I’ve been getting my feet wet lately with Indie authors. It’s been an experience for me. 🙂 It’s taken me a bit to warm up to indie work, but I’m seeing many of the story lines are just as entertaining as works published the traditional way. Up this week, I decided to give My Lord Hades by Stephannie Beman a try. I have to admit, I cheated before diving head first in this work. I headed over to Smashwords and download the sample. About 87% into the sample, I decided to hit up Ms. Beman on her giveaway offer. For a review of My Lord Hades, she’ll provide you a copy for free. Her offer ends tomorrow, by the way. So it’s not too late receive your own review copy. The blurb from Ms. Beman’s website:
In a world where Gods rule and Daemons are feared, Hades, the most notorious Phlegethon daemon-god to roam the ancient world, is released from his prison in Tartarus by the Olympian Zeus to aid in the war against the Titians.
Past shrouded in darkness, Persephone, daughter of the earth goddess Demeter, heals from the ordeal that stole her memories and the magic that is an integral part of who she once was. When she meets a stranger in the woods, her life is forever changed. But does she have the courage to stand against the will of the other gods and claim the only man she has ever loved when any moment could bring back her memories and change her feelings for him? Does she have the strength to keep what is hers when an ancient enemy returns to destroy all she has worked for?
Betrayed by the Gods he once served, battle-weary Hades promised to never allow another god power over him, but he didn’t plan on the intervention of the Fates intertwining his future with the stunning woman dancing in the moonlight, or the rise of his Phlegethon nature that demands he claim her as his own. Persephone has become the siren calling him, promising the completion of heart and soul, but only a fool accepts the gifts of a siren, or fight against the will of the Fates.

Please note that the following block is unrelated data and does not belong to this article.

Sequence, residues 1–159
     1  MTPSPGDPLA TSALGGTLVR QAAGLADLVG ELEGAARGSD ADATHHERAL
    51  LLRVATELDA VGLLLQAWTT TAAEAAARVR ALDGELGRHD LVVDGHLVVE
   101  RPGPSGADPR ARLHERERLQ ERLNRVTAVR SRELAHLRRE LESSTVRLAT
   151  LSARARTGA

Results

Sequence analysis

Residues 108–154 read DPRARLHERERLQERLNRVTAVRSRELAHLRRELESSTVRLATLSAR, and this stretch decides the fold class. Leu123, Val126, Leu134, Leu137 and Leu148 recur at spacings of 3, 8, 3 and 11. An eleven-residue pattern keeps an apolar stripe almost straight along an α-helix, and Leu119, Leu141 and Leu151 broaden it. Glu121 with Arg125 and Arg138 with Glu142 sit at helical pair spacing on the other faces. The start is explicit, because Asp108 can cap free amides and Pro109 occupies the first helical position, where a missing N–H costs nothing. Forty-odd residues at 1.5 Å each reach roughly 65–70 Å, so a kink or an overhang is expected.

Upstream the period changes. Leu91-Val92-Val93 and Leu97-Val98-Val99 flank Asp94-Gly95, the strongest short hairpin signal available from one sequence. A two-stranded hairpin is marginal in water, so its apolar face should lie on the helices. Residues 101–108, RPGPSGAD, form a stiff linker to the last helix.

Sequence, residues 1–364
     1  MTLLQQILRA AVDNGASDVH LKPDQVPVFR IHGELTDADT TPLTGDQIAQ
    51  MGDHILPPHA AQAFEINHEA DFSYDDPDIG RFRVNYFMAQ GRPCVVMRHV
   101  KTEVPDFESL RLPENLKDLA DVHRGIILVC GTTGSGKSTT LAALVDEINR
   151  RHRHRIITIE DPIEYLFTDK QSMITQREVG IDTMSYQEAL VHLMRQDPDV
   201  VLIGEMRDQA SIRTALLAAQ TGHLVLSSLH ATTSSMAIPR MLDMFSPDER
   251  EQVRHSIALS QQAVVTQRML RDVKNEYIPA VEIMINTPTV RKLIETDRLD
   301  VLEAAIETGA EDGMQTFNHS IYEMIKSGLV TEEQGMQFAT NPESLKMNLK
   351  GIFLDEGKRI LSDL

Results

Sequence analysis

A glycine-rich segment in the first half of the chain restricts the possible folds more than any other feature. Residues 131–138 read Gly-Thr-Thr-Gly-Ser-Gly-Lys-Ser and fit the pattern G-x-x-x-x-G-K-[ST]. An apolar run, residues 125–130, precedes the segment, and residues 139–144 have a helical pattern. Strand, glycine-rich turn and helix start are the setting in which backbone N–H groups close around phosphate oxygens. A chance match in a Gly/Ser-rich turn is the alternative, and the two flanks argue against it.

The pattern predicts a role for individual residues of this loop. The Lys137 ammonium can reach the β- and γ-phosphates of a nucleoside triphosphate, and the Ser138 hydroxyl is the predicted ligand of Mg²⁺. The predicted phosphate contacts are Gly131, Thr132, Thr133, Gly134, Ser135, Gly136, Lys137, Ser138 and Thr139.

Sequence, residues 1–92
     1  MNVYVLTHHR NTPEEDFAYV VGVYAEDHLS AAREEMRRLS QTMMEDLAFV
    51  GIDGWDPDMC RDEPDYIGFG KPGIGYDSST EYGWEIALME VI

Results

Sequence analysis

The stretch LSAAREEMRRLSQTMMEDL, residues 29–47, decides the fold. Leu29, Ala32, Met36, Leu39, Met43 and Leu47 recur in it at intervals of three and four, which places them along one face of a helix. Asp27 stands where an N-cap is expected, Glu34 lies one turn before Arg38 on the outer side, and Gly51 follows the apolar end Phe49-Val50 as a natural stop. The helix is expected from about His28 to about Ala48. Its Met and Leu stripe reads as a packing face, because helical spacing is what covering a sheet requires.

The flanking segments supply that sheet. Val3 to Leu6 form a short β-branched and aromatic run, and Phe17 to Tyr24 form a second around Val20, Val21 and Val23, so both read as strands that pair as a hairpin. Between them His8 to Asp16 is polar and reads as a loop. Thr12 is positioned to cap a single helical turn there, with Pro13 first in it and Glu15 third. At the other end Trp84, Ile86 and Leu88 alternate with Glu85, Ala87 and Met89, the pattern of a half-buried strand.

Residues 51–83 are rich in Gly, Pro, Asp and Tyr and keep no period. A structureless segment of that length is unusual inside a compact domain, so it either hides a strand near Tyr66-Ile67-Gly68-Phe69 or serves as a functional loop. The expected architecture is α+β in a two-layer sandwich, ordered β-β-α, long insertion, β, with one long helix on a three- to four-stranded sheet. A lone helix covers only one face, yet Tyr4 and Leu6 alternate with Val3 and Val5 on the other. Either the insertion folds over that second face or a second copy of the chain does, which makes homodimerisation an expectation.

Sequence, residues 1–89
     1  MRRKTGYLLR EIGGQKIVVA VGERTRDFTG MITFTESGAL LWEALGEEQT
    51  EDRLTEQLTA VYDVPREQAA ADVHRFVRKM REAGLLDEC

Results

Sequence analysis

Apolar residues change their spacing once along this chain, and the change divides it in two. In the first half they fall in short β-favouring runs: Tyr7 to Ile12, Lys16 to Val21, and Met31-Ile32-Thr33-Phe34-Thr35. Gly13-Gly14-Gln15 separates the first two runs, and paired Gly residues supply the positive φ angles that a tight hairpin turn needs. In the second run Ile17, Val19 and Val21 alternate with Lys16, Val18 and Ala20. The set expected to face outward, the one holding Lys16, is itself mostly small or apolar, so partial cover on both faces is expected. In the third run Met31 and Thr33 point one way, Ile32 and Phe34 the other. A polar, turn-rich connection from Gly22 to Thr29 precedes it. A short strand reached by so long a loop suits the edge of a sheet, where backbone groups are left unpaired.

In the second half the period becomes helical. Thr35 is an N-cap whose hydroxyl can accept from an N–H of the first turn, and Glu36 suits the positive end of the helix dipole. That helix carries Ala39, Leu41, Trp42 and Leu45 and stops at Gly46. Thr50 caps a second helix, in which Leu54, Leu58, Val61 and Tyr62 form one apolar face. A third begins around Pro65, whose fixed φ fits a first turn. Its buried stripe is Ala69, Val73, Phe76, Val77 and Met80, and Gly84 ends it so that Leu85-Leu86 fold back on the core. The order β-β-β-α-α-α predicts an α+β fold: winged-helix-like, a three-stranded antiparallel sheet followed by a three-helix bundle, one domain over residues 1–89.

I downloaded my sample and dipped my foot in. I was a little tentative… okay, a lot tentative. 🙂 Am I going to like it? I hope it’s good, my mind said as I read. A few hours later, the sun was rising, and I’d stopped squinting at My Lord Hades like it was out to get me. I could have starred in the Mikey Life Commercials. “She likes it. She likes it. She really likes it.” I sent off a request and a coupon for a free copy was in my emailbox when I woke up the next afternoon. 🙂
Let’s start with the characters. Ms. Beman did a great job giving each of her characters a distinctive voice. Hades was burdened yet honorable. He was a break away from the gloomy Guses who are popular in many works today. Of all the characters, I’d say he was the most tenderhearted. Yet he was caring in a way which didn’t detract from his masculinity. Well, done. 🙂 I liked him.
Persephone reminded me of a butterfly or Snow White. 🙂 Picture the scene where Snow White or any of the Disney Damsels who sing, dance, and just enjoy life. That was Persephone. I worried I’d grow tiresome of her frolicking, but as the plot unfolded, so did other facets of her personality. I admit, Persephone wasn’t one of my favorite heroines. Mostly because I don’t go for the damsels in distress type. However, Ms. Beman gave excellent rationales behind Persephone’s early behavior and by the end of the story, there was definitely character growth.
Plot wise. 🙂 I’m a sucker for Greek mythology. I got into it when I was a young girl, and it’s held my interest ever since. I expected to read a typical mythology about Hades and Persephone with the same old storyline, but fleshed out as Ms. Beman gave it her own voice. Boy was I wrong. 🙂 Ms. Beman took liberties in weaving this story. Much is the same, so that it has the Greek Mythology feel, but a few deviations here and there really added a flare. It kept me on my toes, since I wasn’t sure how the storyline would differ from what I’ve read of Hades and Persephone in the past.
I know this is a nitpicking type of thing. But if you’ve read my other reviews, you know I’m prone to it. The story starts with a Prologue. Now I’m one to read prologues cause I’m afraid of missing things. This year, I found many people skip over the prologue. The prologue for My Lord Hades reads like a first chapter. It’s a shame Ms. Beman didn’t label it as such. I think she missed an opportunity there.
One item I believe this work could have benefited from was another pass at editing. Even so, the characters were well-fleshed. The plot was interesting and fresh. Overall, I enjoyed it. 🙂 Not bad for a debut novel.
A couple of my favorite lines:
- Yes, I’ve been lurking in the forest waiting to ravish you, Persephone.
- “Has it been so long that you don’t remember what men and women do behind closed doors?”